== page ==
61 Sources of Supporting Material LibrariesBooksPeriodicalsNewspapersReference MaterialsCD-ROM Data BasesGovernment Documents
62 Sources of Supporting Material (con’t) The Internet/World Wide WebSearch EnginesInfoseekYahooLycosHotBotGoogle, etc.Online Libraries
63 Types of Supporting Material Common KnowledgeDirect ObservationExamples & IllustrationsExplanations & DescriptionsDocuments
64 Tests of Supporting Material Is Information Specific?Is Source an Expert?Is Source Unbiased?Is Information Timely?
65 Tests of Supporting Material (con’t) Is Information Relevant to Point Made?Does Information Support the Point?Is Information Timely?
66 Special Considerations for Online Information In Physical Print, Quality Is Controlled by ExpertsJournals - Peer ReviewPeriodicals - EditorsPublished Texts - Editors, LibrariansOnline, Must Do Own Quality ControlBeware! Everything On the Web Is Not ALL True
67 Organizing Your Speech ChronologicalTopicalCause-EffectProblem-SolutionComparison- Contrast
68 Types of Outlines Preparation Outline Title & TopicPurposeIntroductionMain and Sub-PointsTransitionsConclusionSupport/EvidencePreliminary Outline (Rough-Draft)Main points to research
69 Types of Outlines Speaker’s Outline Introduction Main Point Support TransitionsConclusion
70 Ethics in Speech Preparation - Researching Take Accurate Notes When ResearchingRecord Complete Source CitationsCredit Source of IdeasWhen in Doubt, Cite Source
77 Types of Conclusions Summary Quotation Personal Reference Challenge to AudienceOffer Vision of the Future
78 Types of Conclusions Story Question Quotation Humor Remember what Dwight D. Eisenhower once said: “Things are more like they are now, than they have ever been before.”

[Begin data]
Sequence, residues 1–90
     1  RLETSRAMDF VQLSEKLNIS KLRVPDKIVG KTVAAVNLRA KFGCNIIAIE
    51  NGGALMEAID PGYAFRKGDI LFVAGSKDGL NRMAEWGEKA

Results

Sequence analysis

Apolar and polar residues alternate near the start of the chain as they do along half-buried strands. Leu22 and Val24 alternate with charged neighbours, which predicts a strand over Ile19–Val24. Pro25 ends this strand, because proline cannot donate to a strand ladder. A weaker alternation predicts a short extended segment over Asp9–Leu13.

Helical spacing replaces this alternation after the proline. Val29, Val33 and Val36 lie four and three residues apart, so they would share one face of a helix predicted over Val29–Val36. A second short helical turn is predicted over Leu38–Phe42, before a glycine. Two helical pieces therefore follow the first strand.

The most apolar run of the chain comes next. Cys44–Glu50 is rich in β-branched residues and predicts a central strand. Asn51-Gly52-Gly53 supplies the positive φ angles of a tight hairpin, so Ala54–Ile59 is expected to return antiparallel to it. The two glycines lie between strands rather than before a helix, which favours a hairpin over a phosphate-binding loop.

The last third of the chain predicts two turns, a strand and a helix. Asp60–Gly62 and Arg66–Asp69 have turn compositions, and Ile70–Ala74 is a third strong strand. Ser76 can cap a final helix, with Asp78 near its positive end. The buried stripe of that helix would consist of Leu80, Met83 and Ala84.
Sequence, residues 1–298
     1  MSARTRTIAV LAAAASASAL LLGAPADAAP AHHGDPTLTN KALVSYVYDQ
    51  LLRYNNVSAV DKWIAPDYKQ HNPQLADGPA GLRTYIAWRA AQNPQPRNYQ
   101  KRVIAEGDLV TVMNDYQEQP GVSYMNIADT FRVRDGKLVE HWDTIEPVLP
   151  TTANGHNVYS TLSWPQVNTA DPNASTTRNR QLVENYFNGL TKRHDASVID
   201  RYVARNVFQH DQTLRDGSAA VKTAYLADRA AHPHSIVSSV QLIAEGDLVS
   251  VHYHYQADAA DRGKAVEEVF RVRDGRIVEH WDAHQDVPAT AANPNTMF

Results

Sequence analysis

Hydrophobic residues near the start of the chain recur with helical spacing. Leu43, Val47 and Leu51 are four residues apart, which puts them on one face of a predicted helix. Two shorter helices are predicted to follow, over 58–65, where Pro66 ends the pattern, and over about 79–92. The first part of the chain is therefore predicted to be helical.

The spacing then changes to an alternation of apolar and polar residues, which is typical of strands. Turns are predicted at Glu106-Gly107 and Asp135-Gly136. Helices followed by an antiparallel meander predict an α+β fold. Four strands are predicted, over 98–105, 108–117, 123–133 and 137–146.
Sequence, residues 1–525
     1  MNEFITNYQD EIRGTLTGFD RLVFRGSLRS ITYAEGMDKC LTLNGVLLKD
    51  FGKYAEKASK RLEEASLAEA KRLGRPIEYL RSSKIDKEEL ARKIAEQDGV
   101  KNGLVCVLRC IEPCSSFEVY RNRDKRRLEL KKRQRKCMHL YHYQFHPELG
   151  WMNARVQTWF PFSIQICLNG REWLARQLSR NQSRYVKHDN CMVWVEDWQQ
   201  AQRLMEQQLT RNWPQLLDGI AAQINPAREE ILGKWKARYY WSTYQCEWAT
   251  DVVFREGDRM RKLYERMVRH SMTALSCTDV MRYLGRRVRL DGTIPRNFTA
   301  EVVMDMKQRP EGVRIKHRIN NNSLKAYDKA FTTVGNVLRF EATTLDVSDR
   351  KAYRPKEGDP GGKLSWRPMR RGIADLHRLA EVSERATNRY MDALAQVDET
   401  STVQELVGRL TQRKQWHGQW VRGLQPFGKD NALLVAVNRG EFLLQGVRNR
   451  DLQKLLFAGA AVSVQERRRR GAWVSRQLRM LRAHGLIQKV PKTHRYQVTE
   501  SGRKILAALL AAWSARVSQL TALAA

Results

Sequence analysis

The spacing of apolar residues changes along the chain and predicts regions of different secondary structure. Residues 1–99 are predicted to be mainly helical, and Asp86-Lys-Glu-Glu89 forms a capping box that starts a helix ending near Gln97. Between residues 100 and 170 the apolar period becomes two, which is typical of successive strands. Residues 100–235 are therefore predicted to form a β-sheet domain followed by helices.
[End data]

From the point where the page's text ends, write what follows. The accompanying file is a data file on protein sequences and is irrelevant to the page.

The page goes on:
79 Functions of Conclusions Summarize SpeechReemphasize Main IdeaMotivate ResponseProvide Closure
80 Methods of Delivery Manuscript Reading Memorized Impromptu Extemporaneous
81 Delivering Speech - Beginning Walk Calmly with Confidence to FrontEstablish Eye ContactSmile NaturallyDeliver Introduction
82 Delivering Speech - During Use Effective Eye ContactUse Effective LanguageUse Effective GesturesBe EnthusiasticUse Conversational StyleUse Notes As Needed
83 Delivering Speech - Ending “Frame” the SpeechPause before Returning to SeatBut Don’t Ask for QuestionsAccept Applause Graciously
84 Elements of Vocal Delivery Speech Rate and PausesVolumePitchQuality of VoicePronunciation and Articulation
85 Elements of Physical Delivery or Body Language AppearancePostureFacial ExpressionEye ContactMovementGestures
86 Rehearsing Speech Recreate Setting Practice Without Memorizing Time Speech
87 Rehearsing Speech Practice Out Loud Practice Standing Up Watch Yourself
88 Rehearsing Speech Practice Gestures Practice Eye Contact Practice Volume
89 Plan, Prepare, Polish, Practice, Present The better you know your material the less anxious you’ll be about presenting it.Smile and act natural.Don’t apologize for being nervous. No one will know you’re nervous unless you call attention to it.